49. Learning and Developmental Disabilities


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Richard Lord, www.rlordphoto.com

Learning and developmental disabilities (LDDs) include functional limitations that manifest in infancy or childhood as a result of disorders or injuries to the developing nervous system. These limitations, which range from mild to severe, may be caused by genetic or nutritional factors, infections, toxic exposures, trauma, perinatal factors, and multifactorial conditions.

Information on the prevalence and impact of disabilities in low– and middle–income countries (LMIC) is scarce, but some factors suggest that LDDs are, or should be, a public health priority in LMIC. These include data on specific causes and types of LDDs in LMIC, the lifelong adverse impact of these conditions, the health and social costs, and the cost–effectiveness of proven interventions.

Folic acid fortification of the food supply is one of three cost–effective interventions for LDDs. Prenatal screening and selective pregnancy termination can be highly cost–effective under some conditions, but these methods raise ethical, social, and cultural concerns that may preclude their use. Neonatal screening and treatment for congenital hypothyroidism are highly cost–effective in developed countries, but effectiveness may be reduced in places where only a part of the newborn population can be reached by screening.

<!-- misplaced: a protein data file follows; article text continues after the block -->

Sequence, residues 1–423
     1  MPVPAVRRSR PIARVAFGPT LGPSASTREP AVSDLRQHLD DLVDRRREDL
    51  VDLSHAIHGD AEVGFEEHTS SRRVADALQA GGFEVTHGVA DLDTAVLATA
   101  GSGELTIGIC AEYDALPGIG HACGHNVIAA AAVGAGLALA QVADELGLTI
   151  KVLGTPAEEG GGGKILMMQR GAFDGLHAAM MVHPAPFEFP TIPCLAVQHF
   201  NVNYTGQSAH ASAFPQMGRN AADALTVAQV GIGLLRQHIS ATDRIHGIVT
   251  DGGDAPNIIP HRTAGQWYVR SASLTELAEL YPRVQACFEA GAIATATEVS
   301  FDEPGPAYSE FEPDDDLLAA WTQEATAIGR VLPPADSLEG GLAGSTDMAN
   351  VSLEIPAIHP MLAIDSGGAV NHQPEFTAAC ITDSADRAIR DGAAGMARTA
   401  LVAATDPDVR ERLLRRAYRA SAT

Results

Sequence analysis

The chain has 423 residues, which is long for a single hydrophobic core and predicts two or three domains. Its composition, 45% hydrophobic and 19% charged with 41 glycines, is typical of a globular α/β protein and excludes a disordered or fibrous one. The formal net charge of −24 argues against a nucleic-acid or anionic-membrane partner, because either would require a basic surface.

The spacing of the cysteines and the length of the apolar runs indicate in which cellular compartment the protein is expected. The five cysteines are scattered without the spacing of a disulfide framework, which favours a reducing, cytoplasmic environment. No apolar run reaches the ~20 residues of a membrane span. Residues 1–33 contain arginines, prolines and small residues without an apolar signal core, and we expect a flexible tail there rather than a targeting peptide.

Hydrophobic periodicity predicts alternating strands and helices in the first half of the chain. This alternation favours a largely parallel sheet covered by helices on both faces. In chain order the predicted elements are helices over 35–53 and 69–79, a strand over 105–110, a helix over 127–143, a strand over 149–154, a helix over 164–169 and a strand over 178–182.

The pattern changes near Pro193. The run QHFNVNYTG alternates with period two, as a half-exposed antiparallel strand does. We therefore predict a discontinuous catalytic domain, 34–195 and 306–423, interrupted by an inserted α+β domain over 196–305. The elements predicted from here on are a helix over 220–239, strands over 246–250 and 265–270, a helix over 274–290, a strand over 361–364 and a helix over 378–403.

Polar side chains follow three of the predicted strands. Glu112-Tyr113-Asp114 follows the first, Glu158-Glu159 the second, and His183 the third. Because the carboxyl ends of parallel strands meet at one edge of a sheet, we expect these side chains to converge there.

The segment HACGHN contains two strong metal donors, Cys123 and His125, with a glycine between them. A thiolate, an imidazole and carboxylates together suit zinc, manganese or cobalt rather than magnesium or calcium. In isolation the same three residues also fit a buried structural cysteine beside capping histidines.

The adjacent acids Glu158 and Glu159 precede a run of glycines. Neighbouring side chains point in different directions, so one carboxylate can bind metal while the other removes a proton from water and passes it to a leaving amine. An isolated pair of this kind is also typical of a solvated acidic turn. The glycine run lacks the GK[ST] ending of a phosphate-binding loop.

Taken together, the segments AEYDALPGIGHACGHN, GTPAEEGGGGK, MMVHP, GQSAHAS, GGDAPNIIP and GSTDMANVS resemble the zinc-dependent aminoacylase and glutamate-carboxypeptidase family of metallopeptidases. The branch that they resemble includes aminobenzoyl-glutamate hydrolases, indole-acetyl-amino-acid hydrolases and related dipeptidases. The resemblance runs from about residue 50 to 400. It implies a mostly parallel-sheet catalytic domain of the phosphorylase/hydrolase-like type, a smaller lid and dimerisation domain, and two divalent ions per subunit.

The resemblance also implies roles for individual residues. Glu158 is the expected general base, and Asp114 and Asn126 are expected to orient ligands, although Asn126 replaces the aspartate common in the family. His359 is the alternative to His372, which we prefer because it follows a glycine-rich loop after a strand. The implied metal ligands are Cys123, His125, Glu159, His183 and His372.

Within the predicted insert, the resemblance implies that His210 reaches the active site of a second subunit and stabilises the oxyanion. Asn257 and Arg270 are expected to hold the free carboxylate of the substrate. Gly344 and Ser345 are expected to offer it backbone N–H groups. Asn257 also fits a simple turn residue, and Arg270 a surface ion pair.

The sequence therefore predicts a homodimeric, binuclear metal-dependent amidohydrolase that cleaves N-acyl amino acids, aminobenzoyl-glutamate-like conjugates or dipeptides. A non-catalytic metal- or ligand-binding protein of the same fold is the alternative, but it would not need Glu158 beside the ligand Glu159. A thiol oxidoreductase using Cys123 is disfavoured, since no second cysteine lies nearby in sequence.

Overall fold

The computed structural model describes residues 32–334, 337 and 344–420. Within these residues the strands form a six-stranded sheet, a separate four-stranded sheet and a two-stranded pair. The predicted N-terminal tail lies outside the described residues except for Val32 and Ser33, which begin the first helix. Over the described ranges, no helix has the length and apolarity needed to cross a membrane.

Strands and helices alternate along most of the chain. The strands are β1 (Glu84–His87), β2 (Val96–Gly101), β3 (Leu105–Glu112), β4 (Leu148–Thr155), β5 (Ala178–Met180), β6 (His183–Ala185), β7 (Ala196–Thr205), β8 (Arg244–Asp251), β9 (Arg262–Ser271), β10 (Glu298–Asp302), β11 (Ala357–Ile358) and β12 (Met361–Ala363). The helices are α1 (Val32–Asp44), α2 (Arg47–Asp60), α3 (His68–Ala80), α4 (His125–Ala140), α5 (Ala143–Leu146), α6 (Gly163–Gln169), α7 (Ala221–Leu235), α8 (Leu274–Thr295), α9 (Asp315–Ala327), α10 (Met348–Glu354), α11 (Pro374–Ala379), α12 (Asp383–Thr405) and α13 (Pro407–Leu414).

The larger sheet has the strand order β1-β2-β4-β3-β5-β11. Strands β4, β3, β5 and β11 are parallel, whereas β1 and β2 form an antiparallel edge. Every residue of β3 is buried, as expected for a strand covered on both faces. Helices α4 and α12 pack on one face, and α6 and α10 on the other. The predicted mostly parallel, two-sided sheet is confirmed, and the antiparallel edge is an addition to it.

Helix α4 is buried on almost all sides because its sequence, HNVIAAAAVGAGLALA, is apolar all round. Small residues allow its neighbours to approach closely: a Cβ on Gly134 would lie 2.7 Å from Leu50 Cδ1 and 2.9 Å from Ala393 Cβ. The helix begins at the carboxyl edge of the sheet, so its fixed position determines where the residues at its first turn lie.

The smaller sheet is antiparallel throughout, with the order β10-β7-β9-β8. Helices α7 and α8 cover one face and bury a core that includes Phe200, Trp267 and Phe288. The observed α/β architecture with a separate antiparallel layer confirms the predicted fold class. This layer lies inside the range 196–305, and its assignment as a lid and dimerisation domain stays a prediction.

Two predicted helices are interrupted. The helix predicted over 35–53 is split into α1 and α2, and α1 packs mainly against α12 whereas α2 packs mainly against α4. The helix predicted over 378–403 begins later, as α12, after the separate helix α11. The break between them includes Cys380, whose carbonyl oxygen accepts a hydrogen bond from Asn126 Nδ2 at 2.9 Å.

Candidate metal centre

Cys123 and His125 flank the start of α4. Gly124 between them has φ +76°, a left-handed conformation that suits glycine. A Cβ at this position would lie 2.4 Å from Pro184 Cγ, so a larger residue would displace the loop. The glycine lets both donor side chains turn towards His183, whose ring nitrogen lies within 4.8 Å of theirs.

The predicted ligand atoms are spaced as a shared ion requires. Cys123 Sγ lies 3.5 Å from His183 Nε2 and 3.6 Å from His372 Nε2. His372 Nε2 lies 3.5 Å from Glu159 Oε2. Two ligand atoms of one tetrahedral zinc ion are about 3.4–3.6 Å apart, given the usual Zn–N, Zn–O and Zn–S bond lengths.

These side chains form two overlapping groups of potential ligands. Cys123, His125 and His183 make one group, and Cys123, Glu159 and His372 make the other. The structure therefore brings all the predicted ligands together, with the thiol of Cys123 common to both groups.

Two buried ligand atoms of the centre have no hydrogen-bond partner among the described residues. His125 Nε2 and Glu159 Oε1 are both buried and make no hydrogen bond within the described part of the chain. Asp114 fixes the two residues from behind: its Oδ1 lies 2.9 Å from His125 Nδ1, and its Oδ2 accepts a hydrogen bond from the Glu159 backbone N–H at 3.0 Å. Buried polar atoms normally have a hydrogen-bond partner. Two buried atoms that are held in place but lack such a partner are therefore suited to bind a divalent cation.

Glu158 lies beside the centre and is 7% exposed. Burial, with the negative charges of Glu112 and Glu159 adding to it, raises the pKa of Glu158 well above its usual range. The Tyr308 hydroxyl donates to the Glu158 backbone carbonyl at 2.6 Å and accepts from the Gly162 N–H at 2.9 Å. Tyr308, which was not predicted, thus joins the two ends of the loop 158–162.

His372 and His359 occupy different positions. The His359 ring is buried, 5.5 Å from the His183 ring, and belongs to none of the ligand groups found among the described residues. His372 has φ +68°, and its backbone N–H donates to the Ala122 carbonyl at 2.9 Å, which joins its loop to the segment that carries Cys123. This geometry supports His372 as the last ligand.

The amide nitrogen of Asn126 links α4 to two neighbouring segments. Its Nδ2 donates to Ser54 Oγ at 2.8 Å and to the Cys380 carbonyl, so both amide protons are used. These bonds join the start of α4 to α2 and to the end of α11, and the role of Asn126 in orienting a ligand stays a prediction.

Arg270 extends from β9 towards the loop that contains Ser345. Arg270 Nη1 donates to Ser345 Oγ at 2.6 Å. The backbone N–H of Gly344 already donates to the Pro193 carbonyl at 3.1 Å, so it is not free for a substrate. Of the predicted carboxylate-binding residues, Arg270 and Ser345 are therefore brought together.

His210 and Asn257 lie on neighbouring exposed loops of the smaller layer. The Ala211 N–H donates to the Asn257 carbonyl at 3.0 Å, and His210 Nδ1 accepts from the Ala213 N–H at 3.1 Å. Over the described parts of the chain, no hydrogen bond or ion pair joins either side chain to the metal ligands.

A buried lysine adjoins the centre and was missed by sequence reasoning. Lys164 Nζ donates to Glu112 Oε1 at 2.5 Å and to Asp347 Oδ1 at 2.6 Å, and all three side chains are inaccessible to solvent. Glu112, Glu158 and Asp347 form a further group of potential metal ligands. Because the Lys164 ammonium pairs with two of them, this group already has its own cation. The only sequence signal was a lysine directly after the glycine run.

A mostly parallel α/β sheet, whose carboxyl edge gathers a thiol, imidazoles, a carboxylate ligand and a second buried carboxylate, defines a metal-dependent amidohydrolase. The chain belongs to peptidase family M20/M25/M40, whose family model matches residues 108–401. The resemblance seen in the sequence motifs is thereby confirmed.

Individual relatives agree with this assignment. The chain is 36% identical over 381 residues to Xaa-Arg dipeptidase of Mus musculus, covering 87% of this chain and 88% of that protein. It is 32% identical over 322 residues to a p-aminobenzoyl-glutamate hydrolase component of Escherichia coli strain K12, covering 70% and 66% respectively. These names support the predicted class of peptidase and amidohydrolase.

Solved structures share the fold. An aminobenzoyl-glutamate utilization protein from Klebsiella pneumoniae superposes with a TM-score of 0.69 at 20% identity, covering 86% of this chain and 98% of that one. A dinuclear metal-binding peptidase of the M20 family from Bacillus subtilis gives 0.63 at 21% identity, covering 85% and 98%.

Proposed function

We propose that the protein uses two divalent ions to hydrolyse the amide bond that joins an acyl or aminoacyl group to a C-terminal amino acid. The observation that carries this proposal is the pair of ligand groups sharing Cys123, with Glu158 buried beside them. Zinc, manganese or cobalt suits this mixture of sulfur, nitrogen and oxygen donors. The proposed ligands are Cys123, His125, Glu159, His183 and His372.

The costs and benefits of community–based rehabilitation have not been sufficiently quantified to allow cost–benefit analysis. An intervention that is not recommended is electronic fetal monitoring in labor, because it has been associated with a higher risk of cerebral palsy and is unsuccessful in preventing neurological disability from premature birth.